Earl and Libby Song Ministry

Serving the Lord in Song

DON & EARL HOME PAGE

By Patty Fagan

DON and EARL were a Knoxville, Tennessee-based white gospel duo who were broadcast nationally during the 1960s. From my home on Long Island, I picked up their show on AM superstation WWVA, from Wheeling, West Virginia that featured on-air miracle cures. In that exotic setting, Don and Earl's homespun sincerity stood out.

Don and Earl were neglected by most country music and old radio references, and I think it's a shame. They were a memorable act. For me they characterize a time when nighttime AM surfing provided a rich variety of unprocessed Americana.

We in the DON AND EARL TASK FORCE have made it our business to seek out the story of these troupers. After years of searching databases, books and internet sites, years of confounding country music gurus and old-time radio show experts, I'm happy to say that our SWAT team has returned from the trenches with this brief report about Don and Earl.


Earl Mays Don Williams

Biography

Don was born Ladonuel Williams on June 18, 1924 in Briceville, TN. After serving in World War II, he began broadcasting as a singer at a local station in Knoxville Tennessee.

In 1950, young guitarist and lead singer Earl Mays (born May 16, 1935 in Knoxville) joined him on the air. This partnership would last 35 years: until Don's death in 1985. 

Don, the tenor, was a born storyteller and a born whistler. Earl sung the lead and provided the guitar accompaniment. In addition to their radio shows, they toured, singing on the church circuit, and ran a sound studio in Knoxville. After Don's death, Earl's wife Libby joined him as a partner and to this day, they are active performers, recording privately, touring for weeks at a time and singing in churches.

During the peak of Don and Earl's radio days, their shows were produced at Wolfman Jack's home station: XERF, the "border blaster" based in Del Rio, Texas. The 500,000 watt signal was broadcast from across the border in Mexico and from there syndicated to over 100 stations on the North American continent.

The duo also had shows that originated at KXEN in Waterloo, Iowa. XERB in San Diego, California and at WCKY in Cincinatti, Ohio as well as WWVA in Wheeling, W.Va.

Don and Earl recorded tapes for as many as a hundred groups in their Knoxville recording studio.

This same studio was the site of Gospel Light Records and the Don and Earl Record Company where they began recording and marketing their own LPs during the 1960s.

Don Williams Obituary

Well-known gospel singer dead at 60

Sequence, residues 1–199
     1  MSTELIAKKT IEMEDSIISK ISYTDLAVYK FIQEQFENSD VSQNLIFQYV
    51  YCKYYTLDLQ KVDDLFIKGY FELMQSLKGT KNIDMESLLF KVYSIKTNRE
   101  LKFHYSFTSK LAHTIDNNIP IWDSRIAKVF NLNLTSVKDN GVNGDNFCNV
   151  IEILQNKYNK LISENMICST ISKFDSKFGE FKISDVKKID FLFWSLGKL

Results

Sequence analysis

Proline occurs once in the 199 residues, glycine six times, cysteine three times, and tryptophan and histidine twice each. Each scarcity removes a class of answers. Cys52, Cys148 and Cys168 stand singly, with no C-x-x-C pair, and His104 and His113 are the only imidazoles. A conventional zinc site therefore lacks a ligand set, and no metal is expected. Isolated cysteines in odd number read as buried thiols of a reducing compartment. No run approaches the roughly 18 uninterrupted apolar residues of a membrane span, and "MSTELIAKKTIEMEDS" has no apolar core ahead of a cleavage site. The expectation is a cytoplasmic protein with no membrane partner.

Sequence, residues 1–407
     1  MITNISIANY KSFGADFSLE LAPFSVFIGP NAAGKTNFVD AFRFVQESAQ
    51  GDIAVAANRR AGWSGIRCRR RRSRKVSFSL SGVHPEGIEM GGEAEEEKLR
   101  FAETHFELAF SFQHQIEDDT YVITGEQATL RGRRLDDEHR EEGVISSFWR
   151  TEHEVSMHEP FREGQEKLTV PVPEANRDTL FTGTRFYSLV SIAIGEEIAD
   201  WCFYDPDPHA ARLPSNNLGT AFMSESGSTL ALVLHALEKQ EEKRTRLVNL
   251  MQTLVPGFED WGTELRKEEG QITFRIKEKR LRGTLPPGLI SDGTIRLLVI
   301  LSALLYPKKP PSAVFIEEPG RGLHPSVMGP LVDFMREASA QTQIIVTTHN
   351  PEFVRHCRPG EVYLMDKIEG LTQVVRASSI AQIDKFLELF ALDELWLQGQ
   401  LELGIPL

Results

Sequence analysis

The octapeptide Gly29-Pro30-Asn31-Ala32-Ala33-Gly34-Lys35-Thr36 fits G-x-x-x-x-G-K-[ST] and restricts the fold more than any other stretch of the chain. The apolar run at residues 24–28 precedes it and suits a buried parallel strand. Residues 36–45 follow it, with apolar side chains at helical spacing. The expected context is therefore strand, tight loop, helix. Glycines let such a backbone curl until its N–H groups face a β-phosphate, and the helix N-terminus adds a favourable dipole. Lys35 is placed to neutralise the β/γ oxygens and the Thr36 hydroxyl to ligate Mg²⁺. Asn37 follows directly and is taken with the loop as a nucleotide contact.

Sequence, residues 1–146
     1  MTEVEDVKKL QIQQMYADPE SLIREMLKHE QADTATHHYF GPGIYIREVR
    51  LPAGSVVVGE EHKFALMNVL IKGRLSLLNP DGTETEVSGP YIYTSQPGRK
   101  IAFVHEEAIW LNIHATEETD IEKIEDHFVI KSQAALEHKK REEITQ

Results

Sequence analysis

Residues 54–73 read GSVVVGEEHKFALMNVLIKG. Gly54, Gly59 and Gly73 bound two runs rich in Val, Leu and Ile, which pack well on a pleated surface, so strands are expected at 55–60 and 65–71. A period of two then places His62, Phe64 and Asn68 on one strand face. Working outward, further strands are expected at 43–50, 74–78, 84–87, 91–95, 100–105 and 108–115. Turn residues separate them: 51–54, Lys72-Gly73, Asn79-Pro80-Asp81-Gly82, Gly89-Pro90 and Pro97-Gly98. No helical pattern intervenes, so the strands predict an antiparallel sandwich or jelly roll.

(From The Knoxville News-Sentinel newspaper after Don Williams' March 5, 1985 death)

Well-known gospel singer Ladonuel "Don" Williams has died at the age of 60, of cancer. He passed away Tuesday afternoon at his home in Seymour.

Williams, who with his partner Earl Mays, of Knoxville, formed the duo "Don and Earl," sang in churches throughout the United States. During most of that period their taped radio broadcasts could be heard from Mexico to Canada and several other countries on some 100 different radio stations including the continent's then most powerful, XERF in Mexico.

Williams wrote many songs during that time which are still performed by others.

Williams' singing career was launched after he won an amateur contest while in the Army during World War 2.

Following that he performed in the long-running USO drama "Glory Road," which chronicled the exploits of the 66th Infantry Division, in which he served.

Williams portrayed an enlisted man and sang "When My Blue Moon Turns to Gold Again" and "The Great Speckled Bird" in the drama which entertained thousands of troops and was praised by "Stars and Stripes," the Army newspaper, as the best USO drama of the war.

After his return to East Tennessee, following the war, Williams worked briefly as a coal miner in his native Briceville, and performed In a country music band. Following his religious conversion in 1946, he turned to gospel music.

In 1950 he recruited Mays to form the duo "Don and Earl." Their radio show could be heard locally for many years over radio stations WKXV and WIVK in Knoxville. Williams moved to Seymour in 1956, where he resided with his family until his death.

Relatives said Williams would long be remembered for his charitable nature, his sense of humor, his singing ability, and for his dedication as a Christian.

Williams was a member of Gospel Baptist Church, on Avenue A In Knoxville, where his funeral is scheduled for 2 p.m. Friday. The family will receive friends Thursday from 7 to 9 p.m. at Berry's Chapel in Knoxville.